The Suusamyr valley is a high steppe plateau in Kyrgyzstan where you feel like the stars are in reach. Eight-year-old Aidatka lives there and dreams of becoming a cosmonaut. She got the idea on the radio.
Aidatka Kadyrshanova and her mother Aizada Kalkanbekova. Kalkanbekova runs the community radio station in Suusamyr.
Aidatka has just finished grade one in her village school. For the past two years, she has been working regularly for Suusamyr's community radio station. Her mother Aizada Kalkanbekova manages a radio station that DW Akademie has been supporting since its establishment in 2011. Aidatka and her brother Baidur, who is 12 years old, run a program for children. They talk about different topics like ibexes in Kyrgyzstan or why only potatoes grow in the Suusamyr valley.
A radio show about planets
When Aidatka was preparing a program about planets, she leafed through the magazine "Znaete Li Wy?" whose title means "Did you know?" in Kyrgyz. In this magazine, she read that a Kyrgyz cosmonaut, Salizhan Sharipov, teaches at the Moscow Aviation Institute. Aidatka also read that Sharipov is the only cosmonaut in Kyrgyzstan's history, and she said to her parents, "I want to be the second person to fly in space for our country".
In her letter, the eight-year-old wrote, "Hello, Salizhan Sharipov! My name is Aidatka Kadyrshanova. I live in Kyrgyzstan. I would like to congratulate you on Cosmonaut Day. I want to be a cosmonaut too."
Aidatka wrote Sharipov a letter and asked her mother to send it to him. But since Aidatka's mother did not know the address, she posted the letter on Facebook on "Cosmonaut's Day" – with an unexpected reaction. Two days later Sharipov contacted Aidatka. Using WhatsApp, the cosmonaut led the girl through the university's laboratories, workshops and offices. He showed her the models of the rockets that fly in space, explained how cosmonaut suits are made and what cosmonauts eat in space. Sharipov was trained in Moscow and the USA. He was in space twice: first in 1998, then in 2004/2005 as commander of the Soyuz rocket that took him to the International Space Station ISS. Today Sharipov trains cosmonauts at the university and prepares them for their tasks in space.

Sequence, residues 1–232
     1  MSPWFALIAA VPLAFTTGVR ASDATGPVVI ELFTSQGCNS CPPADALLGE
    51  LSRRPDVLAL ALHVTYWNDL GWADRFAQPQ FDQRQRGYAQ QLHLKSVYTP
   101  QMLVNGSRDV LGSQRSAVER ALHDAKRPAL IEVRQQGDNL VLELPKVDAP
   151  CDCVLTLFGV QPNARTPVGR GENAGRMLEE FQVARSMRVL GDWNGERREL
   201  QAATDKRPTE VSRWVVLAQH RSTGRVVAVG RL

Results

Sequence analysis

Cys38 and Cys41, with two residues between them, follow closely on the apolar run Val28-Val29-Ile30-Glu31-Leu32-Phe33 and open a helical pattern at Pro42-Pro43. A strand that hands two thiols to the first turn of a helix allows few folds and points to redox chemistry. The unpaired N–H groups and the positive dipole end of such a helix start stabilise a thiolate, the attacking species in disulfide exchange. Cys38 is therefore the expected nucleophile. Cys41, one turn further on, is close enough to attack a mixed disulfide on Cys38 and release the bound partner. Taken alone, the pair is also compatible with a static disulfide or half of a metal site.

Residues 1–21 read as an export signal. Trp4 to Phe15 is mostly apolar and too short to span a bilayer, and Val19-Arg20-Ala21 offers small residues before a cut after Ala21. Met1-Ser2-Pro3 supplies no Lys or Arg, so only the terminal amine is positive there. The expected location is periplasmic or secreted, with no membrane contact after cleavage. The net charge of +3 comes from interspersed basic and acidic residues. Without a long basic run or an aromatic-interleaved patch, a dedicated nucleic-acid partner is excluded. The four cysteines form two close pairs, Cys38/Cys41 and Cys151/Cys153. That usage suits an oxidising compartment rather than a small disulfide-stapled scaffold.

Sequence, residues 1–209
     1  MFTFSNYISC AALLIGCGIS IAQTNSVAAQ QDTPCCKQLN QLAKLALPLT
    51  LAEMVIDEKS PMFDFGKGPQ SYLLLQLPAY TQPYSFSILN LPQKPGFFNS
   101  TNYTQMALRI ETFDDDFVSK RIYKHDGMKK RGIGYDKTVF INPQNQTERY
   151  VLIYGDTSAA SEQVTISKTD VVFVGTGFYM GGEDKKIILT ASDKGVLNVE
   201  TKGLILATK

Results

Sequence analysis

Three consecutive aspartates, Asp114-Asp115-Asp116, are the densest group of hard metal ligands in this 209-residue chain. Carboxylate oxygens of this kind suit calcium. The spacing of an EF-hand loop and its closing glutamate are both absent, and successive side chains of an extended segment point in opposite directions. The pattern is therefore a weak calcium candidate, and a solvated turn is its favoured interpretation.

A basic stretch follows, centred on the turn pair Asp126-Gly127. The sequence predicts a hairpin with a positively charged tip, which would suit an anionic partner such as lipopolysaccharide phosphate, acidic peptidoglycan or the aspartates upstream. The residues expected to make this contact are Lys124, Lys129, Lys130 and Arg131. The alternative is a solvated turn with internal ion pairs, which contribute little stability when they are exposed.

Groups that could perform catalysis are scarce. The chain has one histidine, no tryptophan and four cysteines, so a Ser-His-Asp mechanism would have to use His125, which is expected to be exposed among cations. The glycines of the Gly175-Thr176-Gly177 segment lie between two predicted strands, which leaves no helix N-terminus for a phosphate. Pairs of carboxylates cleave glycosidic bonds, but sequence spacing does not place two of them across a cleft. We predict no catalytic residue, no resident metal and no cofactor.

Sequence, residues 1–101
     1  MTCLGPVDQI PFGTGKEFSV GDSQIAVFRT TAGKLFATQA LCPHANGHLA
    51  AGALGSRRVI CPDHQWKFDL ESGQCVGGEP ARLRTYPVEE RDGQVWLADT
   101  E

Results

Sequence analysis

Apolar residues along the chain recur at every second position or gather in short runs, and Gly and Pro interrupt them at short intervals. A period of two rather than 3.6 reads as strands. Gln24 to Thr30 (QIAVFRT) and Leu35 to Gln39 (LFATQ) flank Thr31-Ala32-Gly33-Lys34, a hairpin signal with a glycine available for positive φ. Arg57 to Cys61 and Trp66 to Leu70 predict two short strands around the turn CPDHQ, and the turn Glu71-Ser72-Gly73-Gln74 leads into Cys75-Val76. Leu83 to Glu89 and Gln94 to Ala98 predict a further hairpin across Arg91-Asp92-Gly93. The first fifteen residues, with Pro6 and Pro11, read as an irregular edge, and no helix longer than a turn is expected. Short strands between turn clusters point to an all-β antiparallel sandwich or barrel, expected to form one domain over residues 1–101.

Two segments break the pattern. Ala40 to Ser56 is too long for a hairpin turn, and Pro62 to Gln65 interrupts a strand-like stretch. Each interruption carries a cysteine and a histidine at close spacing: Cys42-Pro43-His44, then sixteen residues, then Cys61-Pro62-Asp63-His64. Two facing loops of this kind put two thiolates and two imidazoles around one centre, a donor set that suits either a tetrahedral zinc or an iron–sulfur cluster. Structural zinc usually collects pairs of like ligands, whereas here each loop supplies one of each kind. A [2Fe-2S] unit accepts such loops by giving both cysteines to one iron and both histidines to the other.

Salizhan Sharipov (middle) in 2004 when he lead the Soyuz mission to the International Space Station ISS.
Curiosity leads to big plans
Aidatka's interest in space travel had apparently impressed Sharipov. A month later, when he visited his native Kyrgyzstan, he invited the girl and her family to the capital Bishkek, 160 kilometers northeast of Suusamyr. Aidatka was allowed to meet the cosmonaut for an hour and ask him questions. She had many questions, but the one that interested her most was how a person sleeps in space.
Aidatka was fascinated by Sharipov's answer: Cosmonauts fasten belts around themselves while sleeping but they still float around a bit. She later passed on this first-hand information to her listeners on her radio show. The cosmonaut gave the girl a tablet computer with a picture of him as a farewell gift and reminder for her future. It is now Aidatka's constant companion and quenches her thirst for knowledge about the universe, stars and planets.
Various Kyrgyz media outlets have reported about Sharipov's meeting with Aidatka. It was a dream come true for Aidatka – her first dream. "I think my second dream will also come true," she says confidently. She wants to be the first Kyrgyz woman to fly in space.
DW Akademie has been supporting Kyrgyz community media since Radio Most was founded in Talas in 2007. There are now 27 community radio stations or multimedia centers throughout the country, many of them in remote villages, where the local population is provided with the latest news.
Community media gives rural populations a voice. To help develop and professionalize Kyrgyzstan's community media sector, DW Akademie is supporting a new umbrella association. (29.04.2014)